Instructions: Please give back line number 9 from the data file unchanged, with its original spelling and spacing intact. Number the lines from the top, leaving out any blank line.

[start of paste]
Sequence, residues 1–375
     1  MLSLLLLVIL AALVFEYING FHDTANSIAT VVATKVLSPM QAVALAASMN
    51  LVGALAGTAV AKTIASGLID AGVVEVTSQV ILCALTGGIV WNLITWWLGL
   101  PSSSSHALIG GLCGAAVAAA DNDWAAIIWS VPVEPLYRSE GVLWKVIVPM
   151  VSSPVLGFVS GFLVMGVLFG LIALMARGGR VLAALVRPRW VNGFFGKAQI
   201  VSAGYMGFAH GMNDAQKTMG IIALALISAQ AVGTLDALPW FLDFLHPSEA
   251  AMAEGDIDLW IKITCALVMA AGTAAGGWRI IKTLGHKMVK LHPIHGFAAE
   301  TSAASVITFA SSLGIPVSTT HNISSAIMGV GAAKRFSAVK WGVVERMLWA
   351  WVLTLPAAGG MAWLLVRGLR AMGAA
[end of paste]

   351  WVLTLPAAGG MAWLLVRGLR AMGAA